You are here

CRS in Mali

Among the 25 poorest countries in the world, Mali is a landlocked country that depends on gold mining and agriculture for revenue. Mali has invested in tourism, but security issues hurt the industry. Mali has high population growth and more than a third of the population lives below the poverty line. More than half of the population lives on $1.25 a day.  Mali is also a very young country with the median age being 16. 

Only one in four Malian adults can read and write, almost half the population does not have access to safe water, and a reported 75% of deaths are caused by communicable diseases, maternal and perinatal complications, and poor nutrition. Mali also faces recurrent challenges, including droughts, floods and violent conflict.

CRS’ work in Mali centers around economic recovery and training community members on better agricultural, ecological and nutrition practices. 


People served: 981,039

Population: 16,455,903 (July 2014 est.)

Size: 478,841 sq. mi.; slightly less than twice the size of Texas

CRS' History in Mali

Since 1999, CRS Mali has run development programs that build resilience in rural areas. After rebel incursions in northern Mali in late 2011, CRS began serving displaced persons with emergency assistance. In March 2012, a coup and rebel occupation caused massive population displacement toward the south. This was preceded by drought in 2011, and followed by large-scale flooding in 2012. In 2013, the Malian government, with Economic Community Of West African States, United Nations and donor support, retook the north, though sporadic attacks continue. The reopening of the north and democratic presidential elections in August 2013 ushered in new possibilities for disaster recovery, rebuilding, and development.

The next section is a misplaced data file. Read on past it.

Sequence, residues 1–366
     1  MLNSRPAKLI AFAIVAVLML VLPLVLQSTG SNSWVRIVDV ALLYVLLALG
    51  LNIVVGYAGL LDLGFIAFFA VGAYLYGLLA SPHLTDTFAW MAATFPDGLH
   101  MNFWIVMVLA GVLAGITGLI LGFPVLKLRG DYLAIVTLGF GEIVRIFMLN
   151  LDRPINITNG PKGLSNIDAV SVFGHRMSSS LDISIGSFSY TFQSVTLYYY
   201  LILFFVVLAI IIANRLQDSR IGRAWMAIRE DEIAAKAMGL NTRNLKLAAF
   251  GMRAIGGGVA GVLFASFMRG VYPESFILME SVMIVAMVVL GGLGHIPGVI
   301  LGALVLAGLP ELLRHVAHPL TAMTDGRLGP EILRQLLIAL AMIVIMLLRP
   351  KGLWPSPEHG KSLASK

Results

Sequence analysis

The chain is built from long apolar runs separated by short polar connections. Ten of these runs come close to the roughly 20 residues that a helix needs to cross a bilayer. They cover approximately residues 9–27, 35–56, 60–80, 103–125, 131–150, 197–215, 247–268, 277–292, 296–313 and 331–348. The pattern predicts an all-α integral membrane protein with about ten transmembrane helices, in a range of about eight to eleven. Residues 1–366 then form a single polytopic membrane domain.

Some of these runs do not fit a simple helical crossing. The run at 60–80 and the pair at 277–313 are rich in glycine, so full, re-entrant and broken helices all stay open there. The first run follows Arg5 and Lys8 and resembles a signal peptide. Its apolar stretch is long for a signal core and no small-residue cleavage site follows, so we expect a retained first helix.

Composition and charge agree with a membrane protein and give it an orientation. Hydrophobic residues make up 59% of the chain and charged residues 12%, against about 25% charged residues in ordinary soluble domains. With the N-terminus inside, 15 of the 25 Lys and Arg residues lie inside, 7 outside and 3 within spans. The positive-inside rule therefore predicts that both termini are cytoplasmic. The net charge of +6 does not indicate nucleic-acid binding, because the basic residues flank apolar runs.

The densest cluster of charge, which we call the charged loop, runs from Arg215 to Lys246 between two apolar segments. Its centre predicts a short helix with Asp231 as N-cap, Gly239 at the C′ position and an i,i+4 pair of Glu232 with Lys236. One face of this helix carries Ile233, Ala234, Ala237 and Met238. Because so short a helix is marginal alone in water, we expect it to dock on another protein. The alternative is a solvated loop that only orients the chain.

CRS provides assistance for Mali’s internally displaced people with cash transfers to support the local economy and allow people to purchase the goods they need. 

We respond to Mali’s food crisis by training community members on better agricultural, ecological and nutrition practices. We also help people produce food better and access it easier. We have connected farmers to markets and work with savings groups to improve incomes. 

We are promoting students’ health and well-being so they can learn more in school. Our program provides school meals, take-home rations for girls and nomadic children, nutritional supplements and health training. We are reducing tuberculosis-related morbidity and mortality through better prevention, treatment and partnerships.